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What Beyoncé’s ‘Cowboy Carter’ means to the Black Opry


In the final moments of a Black Opry Revue show, where a traveling rotation of singer-songwriters take turns playing their individual songs and sharing the stories behind them, the singers like to gather for a group performance. During their show in the Washington area on Friday, the choice for the final song was obvious.

“Well, happy Beyoncé Day,” said Roberta Lea to cheers from a sold-out crowd at the Barns at Wolf Trap in Vienna, Va. — coincidentally on the same day that Beyoncé released her new country-themed album, “Cowboy Carter.” Lea noted that she and the members of the Black Opry — a collective of Black country artists, fans and industry professionals — had talked about the significance of when “a superstar like Beyoncé steps into the country music space and what it means for people that look like her, which are people like us.”

“And so,” Lea continued, “we felt like it was just fitting to do a little something in honor of the queen.” Grace Givertz launched into the jaunty banjo introduction, Rachel Maxann jumped in on piano, and along with Sug Daniels and Tylar Bryant, they all sang the track that recently became the first song by a Black woman to go No. 1 on Billboard’s Hot Country Songs chart: “This ain’t Texas, ain’t no hold ’em — so lay your cards down, down, down, down. …”

From the moment Beyoncé surprise-dropped “Texas Hold ‘Em” and “16 Carriages” during the Super Bowl in February, the online discourse about her plans to “go country” went into overdrive: Music scholars offered history lessons about the Black roots of the genre, which has historically excluded many Black singers. Fans analyzed the 2016 Country Music Association Awards performance in Nashville when Beyoncé sang “Daddy Lessons” with the Chicks, an incident that Beyoncé implied inspired the album because she “did not feel welcomed” in that environment. And of course, the endlessly exhausting debates about what constitutes “authentic” country music.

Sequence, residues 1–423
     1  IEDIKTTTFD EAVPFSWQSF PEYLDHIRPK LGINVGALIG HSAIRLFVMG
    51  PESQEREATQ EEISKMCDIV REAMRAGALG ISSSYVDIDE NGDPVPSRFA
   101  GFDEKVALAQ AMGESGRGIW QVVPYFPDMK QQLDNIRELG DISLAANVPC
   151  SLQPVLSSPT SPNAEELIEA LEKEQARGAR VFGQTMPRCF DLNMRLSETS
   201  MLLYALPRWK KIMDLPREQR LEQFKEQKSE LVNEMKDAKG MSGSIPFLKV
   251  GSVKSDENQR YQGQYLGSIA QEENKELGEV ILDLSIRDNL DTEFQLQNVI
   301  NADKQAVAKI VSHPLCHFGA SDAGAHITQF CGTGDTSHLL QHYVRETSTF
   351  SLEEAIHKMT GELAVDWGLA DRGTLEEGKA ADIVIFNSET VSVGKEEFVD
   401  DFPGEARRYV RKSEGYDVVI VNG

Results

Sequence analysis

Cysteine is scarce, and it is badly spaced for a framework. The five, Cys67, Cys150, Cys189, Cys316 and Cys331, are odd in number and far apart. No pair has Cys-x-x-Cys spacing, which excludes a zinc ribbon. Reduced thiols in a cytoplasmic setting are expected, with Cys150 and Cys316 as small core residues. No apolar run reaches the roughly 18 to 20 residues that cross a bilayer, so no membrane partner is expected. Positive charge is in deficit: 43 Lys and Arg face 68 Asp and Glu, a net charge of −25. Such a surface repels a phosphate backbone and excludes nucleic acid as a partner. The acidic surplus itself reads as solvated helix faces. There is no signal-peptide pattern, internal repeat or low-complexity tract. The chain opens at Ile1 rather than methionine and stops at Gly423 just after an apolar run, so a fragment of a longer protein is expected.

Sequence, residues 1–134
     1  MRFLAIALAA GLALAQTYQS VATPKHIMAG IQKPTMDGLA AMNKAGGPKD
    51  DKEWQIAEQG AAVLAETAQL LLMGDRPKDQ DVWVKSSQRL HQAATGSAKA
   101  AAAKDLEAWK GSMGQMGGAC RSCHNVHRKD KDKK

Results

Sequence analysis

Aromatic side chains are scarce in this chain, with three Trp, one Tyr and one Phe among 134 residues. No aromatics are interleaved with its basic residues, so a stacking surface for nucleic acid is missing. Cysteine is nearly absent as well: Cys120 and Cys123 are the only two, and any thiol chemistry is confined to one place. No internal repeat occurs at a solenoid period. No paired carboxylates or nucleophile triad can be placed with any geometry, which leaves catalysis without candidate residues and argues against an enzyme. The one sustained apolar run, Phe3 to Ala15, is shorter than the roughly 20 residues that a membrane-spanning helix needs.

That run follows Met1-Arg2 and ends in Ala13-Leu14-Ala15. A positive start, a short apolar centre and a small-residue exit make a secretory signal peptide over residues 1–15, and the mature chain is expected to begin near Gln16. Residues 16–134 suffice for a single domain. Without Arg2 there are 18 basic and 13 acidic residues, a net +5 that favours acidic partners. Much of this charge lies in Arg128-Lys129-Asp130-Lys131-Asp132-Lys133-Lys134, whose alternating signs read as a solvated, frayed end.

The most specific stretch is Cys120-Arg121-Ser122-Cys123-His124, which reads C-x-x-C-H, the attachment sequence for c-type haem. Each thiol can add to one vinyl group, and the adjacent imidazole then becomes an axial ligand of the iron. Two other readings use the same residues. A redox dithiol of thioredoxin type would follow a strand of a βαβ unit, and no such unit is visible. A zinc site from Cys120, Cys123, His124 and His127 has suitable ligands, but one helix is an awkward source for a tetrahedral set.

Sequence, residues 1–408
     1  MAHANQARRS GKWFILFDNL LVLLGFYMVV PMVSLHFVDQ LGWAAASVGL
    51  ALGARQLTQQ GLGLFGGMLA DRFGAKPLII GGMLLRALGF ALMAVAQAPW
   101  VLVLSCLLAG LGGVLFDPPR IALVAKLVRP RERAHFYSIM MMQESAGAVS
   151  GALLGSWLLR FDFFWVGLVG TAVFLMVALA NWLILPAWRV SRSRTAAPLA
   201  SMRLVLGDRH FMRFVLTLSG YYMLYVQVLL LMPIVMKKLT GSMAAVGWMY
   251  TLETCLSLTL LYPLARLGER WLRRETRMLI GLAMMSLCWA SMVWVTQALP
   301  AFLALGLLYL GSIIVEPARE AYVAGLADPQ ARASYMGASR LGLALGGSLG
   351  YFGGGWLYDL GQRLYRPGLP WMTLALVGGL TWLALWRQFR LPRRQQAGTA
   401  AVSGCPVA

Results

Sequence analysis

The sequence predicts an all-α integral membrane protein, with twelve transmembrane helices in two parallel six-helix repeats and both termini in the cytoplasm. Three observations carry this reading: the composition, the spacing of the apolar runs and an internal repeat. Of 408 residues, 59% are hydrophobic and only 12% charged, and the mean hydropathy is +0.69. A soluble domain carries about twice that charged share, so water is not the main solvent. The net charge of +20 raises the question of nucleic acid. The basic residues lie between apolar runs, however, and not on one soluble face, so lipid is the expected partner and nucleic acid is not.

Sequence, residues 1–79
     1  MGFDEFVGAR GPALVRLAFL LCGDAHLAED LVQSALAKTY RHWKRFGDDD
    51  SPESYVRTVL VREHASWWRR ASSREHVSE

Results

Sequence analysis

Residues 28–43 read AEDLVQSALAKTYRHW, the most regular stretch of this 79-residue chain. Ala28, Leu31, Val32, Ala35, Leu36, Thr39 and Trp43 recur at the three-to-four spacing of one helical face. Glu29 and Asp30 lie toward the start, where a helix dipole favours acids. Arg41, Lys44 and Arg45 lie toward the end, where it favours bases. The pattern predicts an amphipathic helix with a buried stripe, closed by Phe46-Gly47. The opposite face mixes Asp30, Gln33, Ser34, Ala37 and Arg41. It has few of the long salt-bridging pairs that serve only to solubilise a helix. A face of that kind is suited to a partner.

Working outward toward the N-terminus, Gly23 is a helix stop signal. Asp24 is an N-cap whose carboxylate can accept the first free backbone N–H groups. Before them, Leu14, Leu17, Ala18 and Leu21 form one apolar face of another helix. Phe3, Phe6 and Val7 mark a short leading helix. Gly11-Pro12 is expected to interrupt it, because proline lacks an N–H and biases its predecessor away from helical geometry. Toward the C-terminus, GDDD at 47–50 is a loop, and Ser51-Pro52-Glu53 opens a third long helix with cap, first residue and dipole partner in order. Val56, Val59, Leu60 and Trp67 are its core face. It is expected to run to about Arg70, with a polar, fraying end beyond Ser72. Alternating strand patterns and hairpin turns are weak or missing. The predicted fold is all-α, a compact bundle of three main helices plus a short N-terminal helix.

Through it all, a common theme also surfaced, especially among Black singer-songwriters who are already in the country music world: No matter how you feel about “Cowboy Carter,” this is a historic moment. Not only is Beyoncé using her enormous platform to deliver an artistic statement and raise the profile of other Black country artists, the highly-hyped album could help reframe the way audiences feel about the genre in general.

“There are so many Black people who are like, ‘I can’t talk about the fact that I really get down to Willie Nelson.’ … There are so many people, because of the racism, who are like, ‘Country music? I would never,’” said Givertz during a conversation backstage with the five Black Opry members who traveled to Virginia for the concert. But now, she said, given that Beyoncé has sparked a conversation about the country music world — and featured legends such as Nelson on the album — it could open up the format to more listeners.

“We make this music because we love it,” Daniels added. “But it’s exciting to see the rest of the world turn their head and be like, ‘Ooh — what else is going on over here right now?’”

Listening to “Cowboy Carter” on Friday was a thrilling experience for the Black Opry singers before the Wolf Trap show: Givertz said she hit “play” at 6:30 a.m. and started crying about 45 seconds into the record. Maxann went on a joyful run in Malcolm X/Meridian Hill Park and described herself as “smiling and happy, saying ‘Happy Beyoncé Day’ to every Black person I see.” Backstage, the singers gasped and cheered when Lea revealed that she was given the opportunity to write for the album. (While she didn’t get a song placed, she was excited that she was asked to contribute.)